|Tiny feet between the mountains|
Author: Cha, Hanna
In a Korean village where being strong and loud is valued, tiny Soe-in is ridiculed but when the sun disappears, Soe-in dares to find the spirit tiger and set things right. Includes note about the position of tigers in Korean culture.
|Accelerated Reader Information:|
Interest Level: LG
Reading Level: 3.90
Points: .5 Quiz: 508752
Kirkus Reviews (08/01/19)
School Library Journal (11/01/19)
Booklist (+) (11/15/19)
The Bulletin of the Center for Children's Books (A) (00/12/19)
Full Text Reviews:
School Library Journal - 11/01/2019 PreS-Gr 2—Diminutive Soe-In works extra hard to keep up with the other villagers, but never lets her small stature become a problem. Cheerful and resourceful, the child finds a way to accomplish her tasks—even if the other villagers look at her askance. When the village is clouded in darkness and smoke, the chieftain asks for a volunteer to investigate. "The crowd was silent. When still no one spoke up, Soe-In took a deep breath and said, 'Sir, I will go.'" A chorus of voices shout their doubts, but Shoe-In is undeterred. She discovers that the source of the darkness is the Spirit Tiger who, not content with the mountains and forest, seeks to rule the sky and accidentally swallowed the sun. The great beast is miserable, crying and covered with fire as the sun torments him from inside his belly. Soe-In is confident that she can help despite the tiger's skepticism, and only briefly doubts herself when her first three strategies don't work. She perseveres and saves the day, earning the respect of her village and a blessing from the Spirit Tiger. Cha's illustrations are expressive and vivid, allowing readers to immerse themselves in Soe-In's world. An author's note about the history and meaning of tigers in Korean lore adds extra resonance to this charming tale. VERDICT Plucky Soe-In may be extra tiny, but her confidence and resourcefulness should earn her a large space on library shelves everywhere.—Anna Haase Krueger, Ramsey County Library, MN - Copyright 2019 Publishers Weekly, Library Journal and/or School Library Journal used with permission.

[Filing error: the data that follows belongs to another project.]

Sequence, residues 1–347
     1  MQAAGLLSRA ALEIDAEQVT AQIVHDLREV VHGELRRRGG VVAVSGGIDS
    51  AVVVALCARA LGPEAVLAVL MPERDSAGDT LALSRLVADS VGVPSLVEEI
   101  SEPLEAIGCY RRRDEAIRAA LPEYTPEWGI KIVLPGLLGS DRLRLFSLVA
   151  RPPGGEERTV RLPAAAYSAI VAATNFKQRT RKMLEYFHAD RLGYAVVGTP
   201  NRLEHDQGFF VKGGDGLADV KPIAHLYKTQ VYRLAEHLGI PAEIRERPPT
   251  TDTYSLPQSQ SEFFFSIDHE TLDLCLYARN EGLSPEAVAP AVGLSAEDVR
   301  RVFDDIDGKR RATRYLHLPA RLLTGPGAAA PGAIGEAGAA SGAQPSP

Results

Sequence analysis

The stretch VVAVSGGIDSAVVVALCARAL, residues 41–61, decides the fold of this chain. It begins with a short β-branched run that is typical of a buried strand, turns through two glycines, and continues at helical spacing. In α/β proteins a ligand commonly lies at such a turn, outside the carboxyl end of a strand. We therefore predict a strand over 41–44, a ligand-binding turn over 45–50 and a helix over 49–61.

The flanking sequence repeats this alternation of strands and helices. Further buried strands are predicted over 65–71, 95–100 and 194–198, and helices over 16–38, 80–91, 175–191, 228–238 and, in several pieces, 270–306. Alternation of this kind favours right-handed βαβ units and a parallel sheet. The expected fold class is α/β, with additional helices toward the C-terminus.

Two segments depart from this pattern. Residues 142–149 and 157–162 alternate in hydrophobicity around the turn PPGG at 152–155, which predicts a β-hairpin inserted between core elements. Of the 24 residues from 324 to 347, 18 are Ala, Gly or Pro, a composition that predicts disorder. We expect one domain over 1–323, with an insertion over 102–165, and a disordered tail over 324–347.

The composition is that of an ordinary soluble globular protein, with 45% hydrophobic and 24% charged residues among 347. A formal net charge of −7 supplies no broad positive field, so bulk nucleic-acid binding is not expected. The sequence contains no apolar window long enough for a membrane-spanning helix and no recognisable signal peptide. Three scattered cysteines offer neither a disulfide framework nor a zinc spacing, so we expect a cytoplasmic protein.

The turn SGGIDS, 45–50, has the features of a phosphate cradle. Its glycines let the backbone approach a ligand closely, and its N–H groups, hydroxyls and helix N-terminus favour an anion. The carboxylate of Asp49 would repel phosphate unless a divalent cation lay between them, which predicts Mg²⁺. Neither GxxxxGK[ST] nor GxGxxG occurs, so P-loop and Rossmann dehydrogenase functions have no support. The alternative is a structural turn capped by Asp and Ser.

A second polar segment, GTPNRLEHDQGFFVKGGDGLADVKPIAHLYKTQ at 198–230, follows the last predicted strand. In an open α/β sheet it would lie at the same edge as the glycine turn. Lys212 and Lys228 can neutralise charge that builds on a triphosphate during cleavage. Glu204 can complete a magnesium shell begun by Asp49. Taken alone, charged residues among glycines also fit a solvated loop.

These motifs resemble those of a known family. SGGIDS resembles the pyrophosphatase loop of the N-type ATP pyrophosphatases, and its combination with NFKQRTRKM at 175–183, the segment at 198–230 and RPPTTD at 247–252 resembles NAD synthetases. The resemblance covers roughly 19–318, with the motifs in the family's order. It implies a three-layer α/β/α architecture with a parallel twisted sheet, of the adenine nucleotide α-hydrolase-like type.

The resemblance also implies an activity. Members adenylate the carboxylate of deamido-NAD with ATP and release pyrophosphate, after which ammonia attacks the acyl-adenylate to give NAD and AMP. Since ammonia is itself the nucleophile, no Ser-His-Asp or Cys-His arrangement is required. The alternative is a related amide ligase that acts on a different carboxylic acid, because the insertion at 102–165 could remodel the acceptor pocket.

Booklist - 11/15/2019 *Starred Review* Diminutive Soe-In, whose name means “tiny person,” is surrounded by burly, competitive villagers twice her size. Disregarded as incapable because of her small stature, Soe-In is the last person anyone expects to volunteer to investigate why the sun has gone out—especially considering the looming presence of the great spirit tiger, a formidable protector of the mountains and forests on the fringe of her village. Through this extraordinary tale of courage and creative problem-solving, Soe-In will inspire early elementary students to be bold in the face of larger-than-life challenges, while offering a mythical fable to older readers that conveys the significance of tigers in pre-colonial Korea’s mountains and villages. Cha’s ink-and-watercolor illustrations are incredibly evocative, from the expressive village elders and the eerie, blackened forest to the spirit tiger, who steals the show. After accidentally swallowing the sun, the tiger is covered in burning patches of flames. His enormous size and wild, sweeping contours are juxtaposed with a face flooding with relatable human expression, often with tears bubbling down his face. Visually and emotionally, he makes the perfect foil for Soe-In and her calm, composed strength, and their unlikely friendship will warm readers’ hearts. This gorgeous and moving debut from Cha is a worthwhile addition to any picture-book collection. - Copyright 2019 Booklist.